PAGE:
Week 9-The Many Dimensions of Job Hunting

“Focus on output more than input” -Tim Ferriss

Those who are close to me know that I’m a Tim Ferriss fanatic. But this quote especially resonates with me. It summarizes one of the biggest concepts I love about his teachings: what is the impact? I think rarely do we look at what we’re doing and ask, “what’s the purpose of this?” I think we’d find that many of the things we do actually give us little  return in the bigger picture. To be frank, they waste time or distract us.

Hence, I’ve been thinking about the output of this job search . Lets look at the numbers:

  • I applied to 21 jobs over 9 weeks (71% marketing related, 24% consulting related, and 5% other-related), which averaged to 2.33 jobs per week
  • Of those 21, 4 resulted in an email response, 1 in-person interview, 1 informational interview, 2 phone interviews, and 3 upcoming interviews
  • 3 of the 21 jobs “found me”
  • 11% of the companies (2 of 19)  were on my original list of “Companies I’m most excited about” (Uber & Tesla) while I became excited about 4 only after learning about them (Lenati, GlowForge, Avvo, & ZT Systems)

Not bad. Another area where I was successful was 1) building a professional network and 2) developing my personal brand. It’s been over 3 years since I’ve actively built my network and it was refreshing to turn the gears again. I was able to kindle minor but promising connections at 5 companies.

But now that we know where I found success, where did I fail? Well the goal was to “…get you a job that plays to your strengths and 2) that you’ll love” in 63 days. I did not achieve this in the time frame, BUT have gotten many steps closer. Finding a job you love is an ambitious venture and like dating, can take a while until you find a great catch.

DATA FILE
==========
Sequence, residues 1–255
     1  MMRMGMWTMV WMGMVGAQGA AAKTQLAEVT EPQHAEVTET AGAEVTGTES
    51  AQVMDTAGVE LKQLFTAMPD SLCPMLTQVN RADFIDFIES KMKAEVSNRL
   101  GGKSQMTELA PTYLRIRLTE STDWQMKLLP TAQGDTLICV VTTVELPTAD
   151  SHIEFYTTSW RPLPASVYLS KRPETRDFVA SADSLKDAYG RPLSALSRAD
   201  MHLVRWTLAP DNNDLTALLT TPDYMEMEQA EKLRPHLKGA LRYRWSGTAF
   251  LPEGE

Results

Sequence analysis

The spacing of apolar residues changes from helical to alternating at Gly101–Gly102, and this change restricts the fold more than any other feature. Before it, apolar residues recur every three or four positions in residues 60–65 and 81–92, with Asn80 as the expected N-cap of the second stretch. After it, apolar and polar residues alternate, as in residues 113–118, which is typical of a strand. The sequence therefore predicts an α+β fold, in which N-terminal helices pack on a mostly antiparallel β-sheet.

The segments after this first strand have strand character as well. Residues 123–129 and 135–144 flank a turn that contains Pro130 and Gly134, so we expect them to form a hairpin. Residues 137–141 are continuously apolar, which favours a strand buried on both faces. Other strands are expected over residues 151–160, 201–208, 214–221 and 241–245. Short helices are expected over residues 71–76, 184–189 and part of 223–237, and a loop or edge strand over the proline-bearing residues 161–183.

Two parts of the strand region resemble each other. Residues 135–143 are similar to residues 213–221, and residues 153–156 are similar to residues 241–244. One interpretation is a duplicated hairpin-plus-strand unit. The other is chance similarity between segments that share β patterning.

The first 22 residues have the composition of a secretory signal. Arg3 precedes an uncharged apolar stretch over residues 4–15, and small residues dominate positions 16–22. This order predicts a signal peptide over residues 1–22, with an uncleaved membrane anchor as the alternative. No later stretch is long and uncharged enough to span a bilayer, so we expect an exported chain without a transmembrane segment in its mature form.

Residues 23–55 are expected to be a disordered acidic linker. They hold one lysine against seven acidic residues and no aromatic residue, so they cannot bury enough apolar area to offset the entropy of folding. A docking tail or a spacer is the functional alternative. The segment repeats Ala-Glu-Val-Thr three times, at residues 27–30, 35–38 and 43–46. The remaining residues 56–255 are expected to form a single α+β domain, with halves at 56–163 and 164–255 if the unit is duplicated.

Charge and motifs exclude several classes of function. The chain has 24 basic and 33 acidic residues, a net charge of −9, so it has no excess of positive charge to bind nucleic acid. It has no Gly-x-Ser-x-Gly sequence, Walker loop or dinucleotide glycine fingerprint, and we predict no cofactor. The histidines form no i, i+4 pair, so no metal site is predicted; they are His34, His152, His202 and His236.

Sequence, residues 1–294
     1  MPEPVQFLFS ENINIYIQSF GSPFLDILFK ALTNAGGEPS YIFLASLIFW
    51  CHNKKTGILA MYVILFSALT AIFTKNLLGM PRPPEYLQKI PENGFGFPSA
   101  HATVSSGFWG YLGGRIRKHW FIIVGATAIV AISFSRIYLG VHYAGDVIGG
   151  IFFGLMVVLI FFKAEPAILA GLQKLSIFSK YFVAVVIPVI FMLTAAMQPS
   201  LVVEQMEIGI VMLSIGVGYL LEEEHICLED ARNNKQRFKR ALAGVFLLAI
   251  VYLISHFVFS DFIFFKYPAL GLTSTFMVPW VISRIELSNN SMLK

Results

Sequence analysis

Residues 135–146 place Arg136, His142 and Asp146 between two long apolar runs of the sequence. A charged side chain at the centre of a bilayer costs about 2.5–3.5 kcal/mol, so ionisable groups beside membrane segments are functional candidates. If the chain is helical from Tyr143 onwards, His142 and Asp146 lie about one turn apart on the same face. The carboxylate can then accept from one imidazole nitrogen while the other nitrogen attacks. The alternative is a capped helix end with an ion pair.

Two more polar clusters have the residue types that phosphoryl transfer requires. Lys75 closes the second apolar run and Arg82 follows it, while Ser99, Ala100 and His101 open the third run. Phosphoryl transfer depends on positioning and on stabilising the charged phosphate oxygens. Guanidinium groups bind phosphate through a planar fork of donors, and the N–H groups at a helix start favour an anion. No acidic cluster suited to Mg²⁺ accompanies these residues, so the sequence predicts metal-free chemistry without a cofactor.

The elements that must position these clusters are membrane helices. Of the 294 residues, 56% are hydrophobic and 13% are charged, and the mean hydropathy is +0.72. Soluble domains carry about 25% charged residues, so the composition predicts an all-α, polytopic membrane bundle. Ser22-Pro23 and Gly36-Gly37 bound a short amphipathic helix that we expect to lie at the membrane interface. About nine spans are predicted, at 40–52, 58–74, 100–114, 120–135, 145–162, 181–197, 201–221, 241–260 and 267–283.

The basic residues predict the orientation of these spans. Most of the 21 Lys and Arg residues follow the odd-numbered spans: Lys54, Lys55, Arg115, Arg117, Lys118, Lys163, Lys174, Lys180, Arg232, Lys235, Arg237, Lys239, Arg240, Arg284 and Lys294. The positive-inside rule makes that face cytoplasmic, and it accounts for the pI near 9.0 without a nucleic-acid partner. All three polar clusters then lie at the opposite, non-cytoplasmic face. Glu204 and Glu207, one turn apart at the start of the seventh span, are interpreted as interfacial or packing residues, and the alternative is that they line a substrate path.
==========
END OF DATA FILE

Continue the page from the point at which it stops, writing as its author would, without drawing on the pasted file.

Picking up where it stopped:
I also failed these past 2 weeks in the Weekly Expectations. Going on vacation threw a big wrench in my rhythm and lagged the release of blog posts and application to jobs. I also am yet to join an industry-related organization in Seattle, something that could reap long term benefits but is tough in seeing the short-term gains.

So what have I learned the past 9 weeks? 3 lessons immediately come to mind:

  1. Knowing exactly what you want can greatly help filter out jobs that aren’t worth your time. An example was an insurance management consulting company that found me. They boasted some incredible starting salary and vaguely touched on what the job would be about. It was enough to reel me in until I learned the true nature of the job: selling life insurance (or something like that). This was very far from my mission so I had to tell him thank you but no thank you. A surprisingly empowering feeling.
  2. Implicit multipliers are powerful. Tailoring your resume to the specific job resulted in 3 companies getting back to me. True, it’s correlation not causation but I can’t help but to think that using the relevant keywords and “lingo” helped catch their eye (or their keyword machines).
  3. There’s clout in numbers. The success rate I found was pretty significant and I can only imagine what would happen if I applied to 100 jobs with the same amount of energy & vigor. Therefore, if I did this full-time for 40 hours, returns would be pretty strong.

And now what? I plan to start another 9-week internship. Why not? It’s a new quarter and I’m dedicated to reach the goal I set out 63 days ago. I’m going to resist focusing on the “input” and the distraction of being “busy for the sake of busy.” There’s a job out there that has my name on it. Even if I have to make it myself.

See you next year.



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